How To Care For Fine Vintage & Antique Tableware, Part I

As you will find throughout my store, fine vintage & antique tableware, like china and crystal, with the proper care and storage, can last a lifetime and then successfully passed on to several generations.

A big myth around vintage china care is that you shouldn’t be using it too often in order to preserve it. But I say the best way to enjoy your vintage & antique tableware pieces is to use them regularly, just follow the care tips and recommendations below.

I broke this down in three parts, addressing each of the china, crystal and silverware separately to make it easier (and quicker) to read and remember.

How To Care For Fine Vintage & Antique Tableware China

Part I - How To Care For Your Vintage & Antique China 

Vintage and antique china are heirlooms that can increase greatly in value with the passing of time. The artistry and detailing in the old china must be preserved, and with right care it can remain beautiful for generations. Here are some tips to help you care for your family heirloom or the pieces you've collected yourself.

Rule number one, and the most important to remember, is to never put vintage or antique china, particularly the hand-painted or metal-rimmed ones, in the dishwasher because they can easily get damaged and chipped.

Old china can scratch and chip easily and can be damaged by the harsh, modern day detergents. Dishwasher racks may scratch the surface of china, and heat from the drying cycle can loosen trim, eventually causing it to chip off.

Instead, you should consider always washing your older china by hand. Here are some hand wash tips:

  • use warm water and a mild detergent (avoid bleach);
  • place a towel or mat at the bottom of the sink to protect the china from scratches and chips;
  • fill the sink partially full with warm water, add a small amount of mild dish detergent and mix;
  • use a washcloth to gently wash the dishes. Avoid using any scrubbers that can damage the surface or fade the colors;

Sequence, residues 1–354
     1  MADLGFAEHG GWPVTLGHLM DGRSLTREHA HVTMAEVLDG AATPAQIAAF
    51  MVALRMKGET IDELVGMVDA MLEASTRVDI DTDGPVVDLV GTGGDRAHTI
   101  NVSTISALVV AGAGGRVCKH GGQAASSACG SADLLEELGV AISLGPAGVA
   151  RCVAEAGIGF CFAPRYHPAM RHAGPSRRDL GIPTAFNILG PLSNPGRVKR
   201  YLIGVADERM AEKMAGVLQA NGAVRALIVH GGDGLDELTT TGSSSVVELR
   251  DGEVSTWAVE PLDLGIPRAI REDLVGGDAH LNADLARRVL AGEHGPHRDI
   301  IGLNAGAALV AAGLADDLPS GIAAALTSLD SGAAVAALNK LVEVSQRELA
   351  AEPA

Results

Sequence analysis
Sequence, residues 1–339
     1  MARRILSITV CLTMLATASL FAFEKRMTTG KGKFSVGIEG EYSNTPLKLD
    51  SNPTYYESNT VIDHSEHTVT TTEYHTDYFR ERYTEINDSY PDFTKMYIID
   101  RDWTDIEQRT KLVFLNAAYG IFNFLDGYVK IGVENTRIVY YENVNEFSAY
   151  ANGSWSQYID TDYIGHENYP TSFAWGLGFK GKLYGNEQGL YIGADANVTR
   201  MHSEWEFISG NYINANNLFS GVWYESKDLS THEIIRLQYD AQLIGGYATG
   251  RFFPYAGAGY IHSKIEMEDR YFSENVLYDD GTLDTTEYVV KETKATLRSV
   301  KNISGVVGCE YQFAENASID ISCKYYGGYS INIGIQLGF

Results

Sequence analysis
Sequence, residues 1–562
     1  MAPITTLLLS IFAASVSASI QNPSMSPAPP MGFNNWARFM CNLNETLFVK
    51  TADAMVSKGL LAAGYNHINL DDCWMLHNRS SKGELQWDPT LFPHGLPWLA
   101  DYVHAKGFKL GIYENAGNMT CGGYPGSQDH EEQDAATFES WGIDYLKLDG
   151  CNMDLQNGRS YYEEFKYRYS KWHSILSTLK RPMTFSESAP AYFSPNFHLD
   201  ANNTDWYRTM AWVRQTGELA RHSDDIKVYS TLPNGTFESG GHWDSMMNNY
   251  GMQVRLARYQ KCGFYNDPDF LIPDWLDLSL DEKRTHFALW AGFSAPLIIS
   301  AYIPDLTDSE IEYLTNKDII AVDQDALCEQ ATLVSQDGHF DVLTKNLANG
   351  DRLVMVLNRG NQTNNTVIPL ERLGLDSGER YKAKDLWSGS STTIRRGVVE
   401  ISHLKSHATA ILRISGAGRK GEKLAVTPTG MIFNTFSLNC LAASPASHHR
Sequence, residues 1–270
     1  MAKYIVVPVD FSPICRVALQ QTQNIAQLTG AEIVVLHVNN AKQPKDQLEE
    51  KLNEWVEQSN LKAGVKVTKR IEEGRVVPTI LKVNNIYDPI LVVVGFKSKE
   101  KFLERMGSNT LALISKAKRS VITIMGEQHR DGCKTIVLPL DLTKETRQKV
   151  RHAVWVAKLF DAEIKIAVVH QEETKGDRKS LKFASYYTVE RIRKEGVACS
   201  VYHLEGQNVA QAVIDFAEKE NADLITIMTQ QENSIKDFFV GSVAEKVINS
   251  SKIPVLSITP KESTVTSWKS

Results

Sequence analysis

• let china air dry or hand dry it using a soft cloth. 

As I said earlier, fine china is made to use and enjoy and improperly storing it for a long time and not using it can actually have adverse effects. Uncontrolled temperatures and humidity levels can cause the china glaze to become brittle and possibly crack.

Again, I recommend using your china often but if you don’t, you should consider taking it out of storage at least once a year and giving it some love by washing it and let it air out for a bit. This will help prevent impurities from getting under the glaze, and will help keep the glaze strong.

When storing your vintage china, consider these tips:

  • store your china in an even temperature environment to avoid premature glaze crazing; 
  • if you store china in stacks, place a sheet of paper towel between each piece to help prevent scratching or chips;
  • do not stack or hang teacups by their handles;
  • if china is used infrequently, do an annual washing and cleaning to help preserve the glaze and paint.

Well, I hope you found these tips helpful and that you get to enjoy your heirloom china collection for a very long time. If I missed anything or you have more tips to share please do so! I love reading your comments and learning from you.




    • Anna Collins

      Thanks for the advice about ensuring you take the china out of storage at least once a year to wash them if you don’t use them. I recently took an interest in collecting tea sets, so I wanted to expand my collection to vintage china. I’ll have to look for a trusted online store that sells vintage dishes at a good price.

    • Jennifer Sheese

      Found some vintage Laughlin E47N6 Floral With Gold Filagre of approximately 1/2” around the edges, in our basement while cleaning it out this weekend. My husband says it’s been down there 30+ years in a box. He gave large prices away years ago to someone to try to get a value on, never came back! I’ve only been here 5 years. Cannot locate name of pattern, as there are several similar patterns under different makers. I have 3 cups, 4 sauces, 2 dessert plates, 5 berry bowls. I would say fair condition given the conditions they’ve been stored in. I’ve cleaned them using your recommendations and am not going to store most of them, but and going to display one “full” set of what I have. Thank you for the direction on proper cleaning and storing. I certainly do not want any further deterioration of the gold filagre. Wish I had enough to use them for family Christmas.
      Thank you,
      Jennifer Sheese

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